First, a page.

Seventeen. My oldest daughter would have turned seventeen last week. Seventeen seems like such an unimportant birthday. You became legal to drive the year before, and it will be another year before you are an adult. Seventeen is just seventeen.
As I sit here at the park watching my boys and my little girl play at the park, I can’t help but think there is more to being seventeen. This year would be the last she would be a child. Responsibilities sh e will never have to face would be looming around the corner. Decisions about the future would need addressing. She does not have to worry about any of that, but I wish she did.
This morning might have opened with a big breakfast, if we could get her out of bed, and she would have gotten hugs and kisses until she told us to go away. We wouldn’t listen. A dinner of her choosing and a cake made by her mom (or maybe her brother since he loves to bake) would end the day. Would she go out with her friends, or would she stay home with her family? I don’t know, and I never will.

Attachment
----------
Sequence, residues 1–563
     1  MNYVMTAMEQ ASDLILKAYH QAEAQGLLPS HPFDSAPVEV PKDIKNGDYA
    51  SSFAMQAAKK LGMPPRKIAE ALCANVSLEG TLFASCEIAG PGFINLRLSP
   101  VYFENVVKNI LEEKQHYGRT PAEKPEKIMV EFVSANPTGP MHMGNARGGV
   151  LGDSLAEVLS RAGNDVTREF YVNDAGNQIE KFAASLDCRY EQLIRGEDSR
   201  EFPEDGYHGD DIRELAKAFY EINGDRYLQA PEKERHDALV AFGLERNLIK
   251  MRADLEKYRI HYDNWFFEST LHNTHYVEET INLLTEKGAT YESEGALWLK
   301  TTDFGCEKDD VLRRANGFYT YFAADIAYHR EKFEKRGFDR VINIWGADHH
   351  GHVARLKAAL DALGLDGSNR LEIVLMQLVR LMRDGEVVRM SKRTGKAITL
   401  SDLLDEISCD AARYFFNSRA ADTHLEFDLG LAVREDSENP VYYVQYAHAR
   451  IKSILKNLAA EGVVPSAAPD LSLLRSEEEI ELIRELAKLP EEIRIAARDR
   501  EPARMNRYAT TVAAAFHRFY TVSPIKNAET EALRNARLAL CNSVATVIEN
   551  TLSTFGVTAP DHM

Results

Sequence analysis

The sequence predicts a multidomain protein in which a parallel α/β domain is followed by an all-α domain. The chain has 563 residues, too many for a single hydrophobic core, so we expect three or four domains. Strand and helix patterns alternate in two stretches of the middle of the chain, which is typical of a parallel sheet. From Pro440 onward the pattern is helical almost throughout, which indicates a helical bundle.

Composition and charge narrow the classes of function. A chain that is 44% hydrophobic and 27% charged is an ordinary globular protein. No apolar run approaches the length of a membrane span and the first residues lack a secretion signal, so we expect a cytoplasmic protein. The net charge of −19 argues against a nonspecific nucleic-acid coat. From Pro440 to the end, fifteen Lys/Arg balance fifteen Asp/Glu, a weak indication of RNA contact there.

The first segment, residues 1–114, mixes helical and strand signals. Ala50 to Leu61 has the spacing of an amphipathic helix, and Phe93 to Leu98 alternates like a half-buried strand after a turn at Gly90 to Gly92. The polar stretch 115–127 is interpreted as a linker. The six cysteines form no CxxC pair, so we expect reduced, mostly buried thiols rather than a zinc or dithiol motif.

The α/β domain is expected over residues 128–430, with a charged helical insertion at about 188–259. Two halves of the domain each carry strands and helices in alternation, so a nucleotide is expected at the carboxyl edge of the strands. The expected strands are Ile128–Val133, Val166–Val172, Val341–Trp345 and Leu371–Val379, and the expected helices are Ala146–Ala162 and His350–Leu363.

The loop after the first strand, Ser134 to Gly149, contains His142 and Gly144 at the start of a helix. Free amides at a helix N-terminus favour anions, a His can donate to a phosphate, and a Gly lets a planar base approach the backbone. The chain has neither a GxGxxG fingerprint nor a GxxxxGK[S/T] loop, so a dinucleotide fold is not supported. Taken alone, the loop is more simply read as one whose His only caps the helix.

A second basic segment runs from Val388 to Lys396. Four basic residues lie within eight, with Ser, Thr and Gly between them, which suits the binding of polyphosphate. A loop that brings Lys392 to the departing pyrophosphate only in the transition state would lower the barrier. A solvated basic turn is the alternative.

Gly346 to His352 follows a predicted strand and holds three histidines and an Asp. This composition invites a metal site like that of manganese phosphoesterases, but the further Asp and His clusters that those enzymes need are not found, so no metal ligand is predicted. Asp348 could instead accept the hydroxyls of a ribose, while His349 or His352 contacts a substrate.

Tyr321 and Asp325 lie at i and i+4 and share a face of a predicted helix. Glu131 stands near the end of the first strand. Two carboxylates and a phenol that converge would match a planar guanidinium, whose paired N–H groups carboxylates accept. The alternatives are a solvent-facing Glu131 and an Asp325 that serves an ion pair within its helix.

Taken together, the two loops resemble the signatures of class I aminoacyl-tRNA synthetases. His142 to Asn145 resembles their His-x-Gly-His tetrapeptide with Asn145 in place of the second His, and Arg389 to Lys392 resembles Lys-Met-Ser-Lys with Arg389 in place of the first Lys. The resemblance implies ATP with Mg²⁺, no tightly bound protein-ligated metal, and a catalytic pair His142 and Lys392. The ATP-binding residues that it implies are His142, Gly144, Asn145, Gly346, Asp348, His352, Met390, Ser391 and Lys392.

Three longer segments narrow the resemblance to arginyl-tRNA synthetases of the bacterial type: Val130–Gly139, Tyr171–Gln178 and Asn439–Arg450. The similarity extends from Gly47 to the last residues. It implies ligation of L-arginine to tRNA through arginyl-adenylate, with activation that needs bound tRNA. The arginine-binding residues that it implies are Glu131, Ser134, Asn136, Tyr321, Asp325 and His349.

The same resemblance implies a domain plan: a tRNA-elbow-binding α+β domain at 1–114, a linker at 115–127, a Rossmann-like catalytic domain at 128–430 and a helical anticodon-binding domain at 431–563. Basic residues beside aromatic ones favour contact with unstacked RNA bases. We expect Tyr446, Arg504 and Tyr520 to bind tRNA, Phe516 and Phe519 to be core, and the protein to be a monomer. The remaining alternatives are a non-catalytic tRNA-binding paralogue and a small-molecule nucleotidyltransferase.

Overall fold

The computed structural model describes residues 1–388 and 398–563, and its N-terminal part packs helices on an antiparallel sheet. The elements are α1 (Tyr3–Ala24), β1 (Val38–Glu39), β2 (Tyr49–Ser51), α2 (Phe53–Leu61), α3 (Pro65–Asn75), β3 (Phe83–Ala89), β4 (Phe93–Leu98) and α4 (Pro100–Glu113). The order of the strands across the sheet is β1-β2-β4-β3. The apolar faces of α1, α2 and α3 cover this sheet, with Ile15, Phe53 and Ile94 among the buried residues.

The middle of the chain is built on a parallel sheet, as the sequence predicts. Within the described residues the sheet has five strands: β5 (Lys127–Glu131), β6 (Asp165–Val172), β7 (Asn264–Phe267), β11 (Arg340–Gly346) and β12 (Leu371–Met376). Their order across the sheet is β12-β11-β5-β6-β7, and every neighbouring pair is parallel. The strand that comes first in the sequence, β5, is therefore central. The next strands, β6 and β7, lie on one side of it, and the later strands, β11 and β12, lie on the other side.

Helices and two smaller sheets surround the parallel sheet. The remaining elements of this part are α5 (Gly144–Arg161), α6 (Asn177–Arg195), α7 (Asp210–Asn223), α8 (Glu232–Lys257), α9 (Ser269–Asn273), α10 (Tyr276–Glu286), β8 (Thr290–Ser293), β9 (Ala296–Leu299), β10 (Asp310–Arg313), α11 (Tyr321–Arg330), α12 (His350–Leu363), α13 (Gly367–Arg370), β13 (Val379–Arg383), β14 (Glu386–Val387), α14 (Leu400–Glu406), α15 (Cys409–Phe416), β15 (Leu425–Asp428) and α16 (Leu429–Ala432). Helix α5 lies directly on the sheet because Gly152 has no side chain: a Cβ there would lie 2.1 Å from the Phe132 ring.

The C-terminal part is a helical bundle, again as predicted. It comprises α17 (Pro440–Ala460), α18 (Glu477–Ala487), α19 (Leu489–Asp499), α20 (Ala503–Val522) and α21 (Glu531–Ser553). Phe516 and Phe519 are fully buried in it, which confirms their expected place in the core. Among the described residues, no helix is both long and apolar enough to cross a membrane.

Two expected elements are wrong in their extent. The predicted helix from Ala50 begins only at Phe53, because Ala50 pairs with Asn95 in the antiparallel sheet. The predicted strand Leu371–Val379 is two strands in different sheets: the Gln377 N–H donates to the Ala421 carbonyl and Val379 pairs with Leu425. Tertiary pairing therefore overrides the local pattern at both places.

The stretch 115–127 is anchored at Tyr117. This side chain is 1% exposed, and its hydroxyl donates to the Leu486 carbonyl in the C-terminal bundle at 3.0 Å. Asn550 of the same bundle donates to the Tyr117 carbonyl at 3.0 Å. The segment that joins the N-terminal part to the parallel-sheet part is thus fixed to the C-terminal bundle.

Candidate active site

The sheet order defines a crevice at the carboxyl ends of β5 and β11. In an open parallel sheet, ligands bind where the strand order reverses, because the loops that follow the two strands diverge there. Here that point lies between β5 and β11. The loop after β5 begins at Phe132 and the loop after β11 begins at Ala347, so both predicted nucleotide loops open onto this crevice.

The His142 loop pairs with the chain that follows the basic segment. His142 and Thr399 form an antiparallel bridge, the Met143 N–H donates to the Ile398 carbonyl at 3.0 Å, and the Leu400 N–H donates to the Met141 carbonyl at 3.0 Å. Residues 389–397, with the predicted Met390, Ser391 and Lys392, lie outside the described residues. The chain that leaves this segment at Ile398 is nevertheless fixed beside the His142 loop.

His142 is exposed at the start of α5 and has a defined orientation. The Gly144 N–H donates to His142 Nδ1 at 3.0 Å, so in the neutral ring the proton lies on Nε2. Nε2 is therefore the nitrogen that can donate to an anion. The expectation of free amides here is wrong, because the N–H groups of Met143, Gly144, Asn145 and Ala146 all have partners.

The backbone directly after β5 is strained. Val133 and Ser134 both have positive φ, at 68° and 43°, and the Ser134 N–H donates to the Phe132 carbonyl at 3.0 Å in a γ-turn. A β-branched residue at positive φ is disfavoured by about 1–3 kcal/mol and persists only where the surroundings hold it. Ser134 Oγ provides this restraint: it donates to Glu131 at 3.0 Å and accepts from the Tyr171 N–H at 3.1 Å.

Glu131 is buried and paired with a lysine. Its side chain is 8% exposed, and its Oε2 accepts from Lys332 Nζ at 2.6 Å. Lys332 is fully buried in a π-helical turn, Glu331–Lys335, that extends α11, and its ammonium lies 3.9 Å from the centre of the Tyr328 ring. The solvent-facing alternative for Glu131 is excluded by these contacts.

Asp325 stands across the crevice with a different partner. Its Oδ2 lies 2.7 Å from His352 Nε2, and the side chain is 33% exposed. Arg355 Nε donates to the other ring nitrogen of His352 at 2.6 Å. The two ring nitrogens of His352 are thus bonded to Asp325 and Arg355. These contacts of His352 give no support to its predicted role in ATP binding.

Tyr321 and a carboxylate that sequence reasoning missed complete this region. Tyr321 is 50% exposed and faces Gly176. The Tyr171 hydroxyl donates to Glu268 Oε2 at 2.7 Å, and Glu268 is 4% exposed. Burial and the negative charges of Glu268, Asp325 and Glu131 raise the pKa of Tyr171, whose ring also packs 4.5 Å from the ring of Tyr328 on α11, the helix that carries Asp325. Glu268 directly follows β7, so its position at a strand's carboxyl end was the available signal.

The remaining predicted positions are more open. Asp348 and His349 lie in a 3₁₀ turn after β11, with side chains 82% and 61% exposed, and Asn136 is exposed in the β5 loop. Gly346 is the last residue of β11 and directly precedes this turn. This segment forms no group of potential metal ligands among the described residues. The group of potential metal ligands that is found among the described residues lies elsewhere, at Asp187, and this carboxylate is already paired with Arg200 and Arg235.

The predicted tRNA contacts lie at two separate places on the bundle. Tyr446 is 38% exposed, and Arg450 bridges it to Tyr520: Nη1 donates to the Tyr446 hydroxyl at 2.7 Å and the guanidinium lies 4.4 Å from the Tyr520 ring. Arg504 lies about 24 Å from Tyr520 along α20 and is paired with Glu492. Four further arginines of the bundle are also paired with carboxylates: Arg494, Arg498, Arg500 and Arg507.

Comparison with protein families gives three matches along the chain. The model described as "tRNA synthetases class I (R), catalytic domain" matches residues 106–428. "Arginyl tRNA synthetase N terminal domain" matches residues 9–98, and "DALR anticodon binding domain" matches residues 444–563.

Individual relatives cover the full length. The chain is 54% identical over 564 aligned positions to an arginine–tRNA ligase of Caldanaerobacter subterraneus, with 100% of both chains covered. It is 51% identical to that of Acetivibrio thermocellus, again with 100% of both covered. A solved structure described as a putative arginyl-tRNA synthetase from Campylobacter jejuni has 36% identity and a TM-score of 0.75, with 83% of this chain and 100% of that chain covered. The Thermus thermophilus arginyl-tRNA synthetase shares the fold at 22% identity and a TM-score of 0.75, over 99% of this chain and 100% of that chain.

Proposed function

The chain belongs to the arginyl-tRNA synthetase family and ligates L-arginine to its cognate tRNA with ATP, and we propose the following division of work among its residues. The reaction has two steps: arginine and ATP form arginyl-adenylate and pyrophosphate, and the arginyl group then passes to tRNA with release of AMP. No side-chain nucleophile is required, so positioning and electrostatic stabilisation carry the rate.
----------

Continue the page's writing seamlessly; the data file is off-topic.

My wife asked me if it would ever stop hurting. I told her no. It will always hurt when those two lonely milestones come around.
For my part the grief for her, my Hailey, hangs about my heart like a millstone grinding away at the wheat of my soul with a slow persistence that I may never be rid of entirely.
Thankfully, I have my wife and children to keep me whole. They are the light that chases away the darkness that wants to feed the destructive urges that lurk beneath the surface. They may never know exactly how much I love them, but I try to show them and tell them every day.